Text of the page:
- Retail sales saw a marked pick up in March despite still being affected by the closure of non-essential retailers. Retail sales volumes rose 5.4% month-on-month (m/m) in March and were up 7.2% year-on-year (y/y)
- This suggests that consumers were already releasing pent-up demand and spending even before restrictions had been eased. It does appear that many people were intent on having an enjoyable Easter break and this likely lifted retail sales later in the month
- The survey pointed to a significant improvement in consumer sentiment during March, reflecting increased confidence in both the economic outlook and personal finances. There was a further, albeit small, pick-up in confidence in April
- Online sales rose 0.6% m/m and 62.0% y/y in value terms in March. This caused the share of online sales to fall back to 34.7% of total sales in March from a record 36.2% in February, although it was still substantially up on the 23.2% seen in March 2020
- While March's healthy rebound in retail sales added to evidence that the economy contracted less than had originally been predicted in Q1 2021, retail sales volumes nevertheless fell 5.8% quarter-on-quarter (q/q) during January-March
- Retail sales should see a considerable lift in April from the opening of non-essential retailers from the 12th. Initial survey evidence on footfall and sales has been positive. Consumers look well-placed to play a key role in decent UK recovery developing from Q2 as restrictions on activity are increasingly eased
- Consumer activity should benefit from recent very high savings ratios, especially as the labour market has been resilient and it now looks likely that unemployment will rise much less than had been expected. The EY ITEM Club has reduced its projected peak in the unemployment rate to under 6% from the 7.0% previously expected
Howard Archer, chief economic advisor to the EY ITEM Club, says:
“Retail sales volumes rose 5.4% month-on-month in March despite still being affected by the closure of non-essential retailers through the month. This was a much larger rise than the consensus expectation for an increase around 1.5% month-on-month.
“Sales volumes had previously increased 2.1% month-on-month in February. This had represented a modest rebound from the 8.2% fall in January when non-essential retailers were first closed anew as a consequence of the most recent lockdown measures.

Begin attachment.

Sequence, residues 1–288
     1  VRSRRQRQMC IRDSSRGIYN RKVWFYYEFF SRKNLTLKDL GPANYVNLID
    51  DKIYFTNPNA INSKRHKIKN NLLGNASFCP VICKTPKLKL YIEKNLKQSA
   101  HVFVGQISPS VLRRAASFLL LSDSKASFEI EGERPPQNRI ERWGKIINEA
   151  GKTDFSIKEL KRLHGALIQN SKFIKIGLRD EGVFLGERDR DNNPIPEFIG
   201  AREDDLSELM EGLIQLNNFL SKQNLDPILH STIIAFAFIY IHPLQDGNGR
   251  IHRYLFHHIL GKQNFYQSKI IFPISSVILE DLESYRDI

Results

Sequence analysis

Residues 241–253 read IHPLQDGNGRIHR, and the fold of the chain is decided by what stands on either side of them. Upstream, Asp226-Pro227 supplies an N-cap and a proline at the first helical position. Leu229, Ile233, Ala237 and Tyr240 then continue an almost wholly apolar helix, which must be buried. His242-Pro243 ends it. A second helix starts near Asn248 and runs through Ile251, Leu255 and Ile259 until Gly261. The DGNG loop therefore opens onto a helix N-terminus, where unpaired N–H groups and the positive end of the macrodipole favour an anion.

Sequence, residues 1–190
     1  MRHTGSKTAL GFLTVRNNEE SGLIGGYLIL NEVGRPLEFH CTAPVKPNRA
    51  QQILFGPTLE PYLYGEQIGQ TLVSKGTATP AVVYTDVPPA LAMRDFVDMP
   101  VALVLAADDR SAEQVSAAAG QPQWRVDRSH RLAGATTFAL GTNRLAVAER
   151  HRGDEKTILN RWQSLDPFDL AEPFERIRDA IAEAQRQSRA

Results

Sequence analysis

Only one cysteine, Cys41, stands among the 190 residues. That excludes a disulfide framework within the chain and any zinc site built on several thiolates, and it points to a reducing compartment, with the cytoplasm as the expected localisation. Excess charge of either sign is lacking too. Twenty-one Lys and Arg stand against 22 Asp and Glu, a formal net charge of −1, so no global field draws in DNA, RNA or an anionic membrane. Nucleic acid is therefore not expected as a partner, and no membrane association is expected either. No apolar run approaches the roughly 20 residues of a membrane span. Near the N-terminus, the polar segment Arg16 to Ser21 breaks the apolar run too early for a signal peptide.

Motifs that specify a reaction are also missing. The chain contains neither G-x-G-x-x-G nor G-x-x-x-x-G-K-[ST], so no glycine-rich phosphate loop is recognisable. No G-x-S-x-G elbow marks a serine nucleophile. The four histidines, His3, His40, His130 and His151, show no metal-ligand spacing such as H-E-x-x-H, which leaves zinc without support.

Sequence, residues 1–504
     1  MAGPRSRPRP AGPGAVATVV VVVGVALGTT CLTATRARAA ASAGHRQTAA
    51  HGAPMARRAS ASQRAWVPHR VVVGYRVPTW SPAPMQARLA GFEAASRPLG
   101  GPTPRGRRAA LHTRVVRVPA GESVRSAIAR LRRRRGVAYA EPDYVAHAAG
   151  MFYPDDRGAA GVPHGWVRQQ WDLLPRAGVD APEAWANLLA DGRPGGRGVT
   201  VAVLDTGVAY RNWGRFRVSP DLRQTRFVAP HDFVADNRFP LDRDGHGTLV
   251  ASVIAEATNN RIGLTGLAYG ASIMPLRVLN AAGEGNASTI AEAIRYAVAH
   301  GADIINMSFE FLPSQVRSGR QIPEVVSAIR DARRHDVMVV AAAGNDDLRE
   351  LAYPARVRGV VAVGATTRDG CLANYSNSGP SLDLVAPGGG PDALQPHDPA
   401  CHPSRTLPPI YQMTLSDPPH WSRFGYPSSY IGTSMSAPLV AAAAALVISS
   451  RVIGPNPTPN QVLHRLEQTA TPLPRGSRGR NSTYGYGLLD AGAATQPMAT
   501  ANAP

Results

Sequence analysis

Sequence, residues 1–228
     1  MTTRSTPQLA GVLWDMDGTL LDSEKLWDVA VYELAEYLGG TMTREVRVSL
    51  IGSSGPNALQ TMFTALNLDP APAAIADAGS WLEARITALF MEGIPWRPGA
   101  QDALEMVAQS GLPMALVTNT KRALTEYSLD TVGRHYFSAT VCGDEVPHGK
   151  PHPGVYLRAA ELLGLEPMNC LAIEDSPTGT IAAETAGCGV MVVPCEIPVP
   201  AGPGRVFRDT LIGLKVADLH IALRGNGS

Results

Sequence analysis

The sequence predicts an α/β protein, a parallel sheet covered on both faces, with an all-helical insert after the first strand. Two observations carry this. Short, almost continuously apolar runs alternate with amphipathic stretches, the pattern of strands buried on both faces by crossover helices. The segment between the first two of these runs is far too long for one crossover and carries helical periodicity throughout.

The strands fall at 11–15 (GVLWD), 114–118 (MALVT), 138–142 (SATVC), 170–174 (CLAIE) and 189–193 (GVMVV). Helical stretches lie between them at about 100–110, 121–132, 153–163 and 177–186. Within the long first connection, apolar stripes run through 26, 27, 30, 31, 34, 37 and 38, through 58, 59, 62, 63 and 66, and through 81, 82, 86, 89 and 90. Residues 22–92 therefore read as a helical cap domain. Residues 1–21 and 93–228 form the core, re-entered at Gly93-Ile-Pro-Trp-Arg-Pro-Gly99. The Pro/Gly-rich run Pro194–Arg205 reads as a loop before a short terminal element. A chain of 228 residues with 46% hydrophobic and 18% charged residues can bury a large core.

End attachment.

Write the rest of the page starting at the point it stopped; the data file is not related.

“Retail sales volumes were up 7.2% year-on-year in March, lifted by the fact that they had fallen in March 2020 when non-essential retailers were first closed due to lockdown measures. Retail sales volumes had been down 3.7% year-on-year in February and 5.9% in January.
“Despite rising 5.4% month-on-month in March, retail sales volumes fell 5.8% quarter-on-quarter over the first quarter.
“Retail sales in March were 1.6% higher than they had been in February 2020 when the pandemic’s economic impact was yet to be felt.
“The ONS reported that, in March, ‘non-food stores provided the largest positive contribution to the monthly growth in March 2021 sales volumes, aided by strong increases of 17.5% and 13.4% in clothing stores and other non-food stores respectively. Automotive fuel retailers also reported strong monthly growth of 11.1% as travel restrictions were eased towards the end of the reporting period.’
“Meanwhile, food stores saw growth of 2.5% month-on-month.
“Online sales rose 0.6% month-on-month and 62.0% year-on-year in value terms in March. Online sales’ share of total retail sales fell back to 34.7% in March after rising to a record 36.2% in February from 35.2% in January and 29.6% in December. Still, the March 2021 share was up significantly from 23.1% in March 2020 and 20.0% in February 2020, and it is evident that the restrictions on non-essential retailers during the pandemic have given extra impetus to an already rising underlying trend for online sales.
“The annual retail sales deflator was flat year-on-year in March, with fuel prices up 3.3% year-on-year. Excluding fuel prices, the annual retail sales deflator was down 0.3% year-on-year in March.”